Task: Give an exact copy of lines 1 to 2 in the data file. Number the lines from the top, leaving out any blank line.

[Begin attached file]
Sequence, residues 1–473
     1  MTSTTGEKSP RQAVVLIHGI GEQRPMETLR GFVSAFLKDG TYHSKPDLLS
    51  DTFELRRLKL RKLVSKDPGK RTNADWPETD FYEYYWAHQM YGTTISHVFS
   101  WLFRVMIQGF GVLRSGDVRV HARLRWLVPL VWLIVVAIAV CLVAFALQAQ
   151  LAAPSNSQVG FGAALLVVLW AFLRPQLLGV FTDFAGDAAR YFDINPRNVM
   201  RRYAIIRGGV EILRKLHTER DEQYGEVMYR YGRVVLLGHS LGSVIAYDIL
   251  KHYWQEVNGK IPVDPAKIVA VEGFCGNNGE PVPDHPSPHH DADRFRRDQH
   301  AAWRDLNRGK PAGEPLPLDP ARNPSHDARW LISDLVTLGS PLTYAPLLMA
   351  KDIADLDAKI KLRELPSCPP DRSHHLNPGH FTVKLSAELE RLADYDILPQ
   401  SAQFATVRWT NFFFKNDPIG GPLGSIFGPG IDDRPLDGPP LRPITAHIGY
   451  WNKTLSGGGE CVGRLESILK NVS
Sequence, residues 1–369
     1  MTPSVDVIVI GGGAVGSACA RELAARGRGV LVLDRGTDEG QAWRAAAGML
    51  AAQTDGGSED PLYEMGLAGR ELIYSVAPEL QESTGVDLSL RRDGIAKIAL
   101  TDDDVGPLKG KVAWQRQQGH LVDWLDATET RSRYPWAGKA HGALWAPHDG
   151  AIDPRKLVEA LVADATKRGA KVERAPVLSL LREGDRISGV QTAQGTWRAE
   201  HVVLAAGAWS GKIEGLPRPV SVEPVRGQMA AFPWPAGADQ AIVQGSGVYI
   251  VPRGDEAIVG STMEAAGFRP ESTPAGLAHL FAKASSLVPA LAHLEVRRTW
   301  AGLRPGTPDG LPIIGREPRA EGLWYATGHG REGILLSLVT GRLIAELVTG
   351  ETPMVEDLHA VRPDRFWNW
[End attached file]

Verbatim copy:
Sequence, residues 1–473
     1  MTSTTGEKSP RQAVVLIHGI GEQRPMETLR GFVSAFLKDG TYHSKPDLLS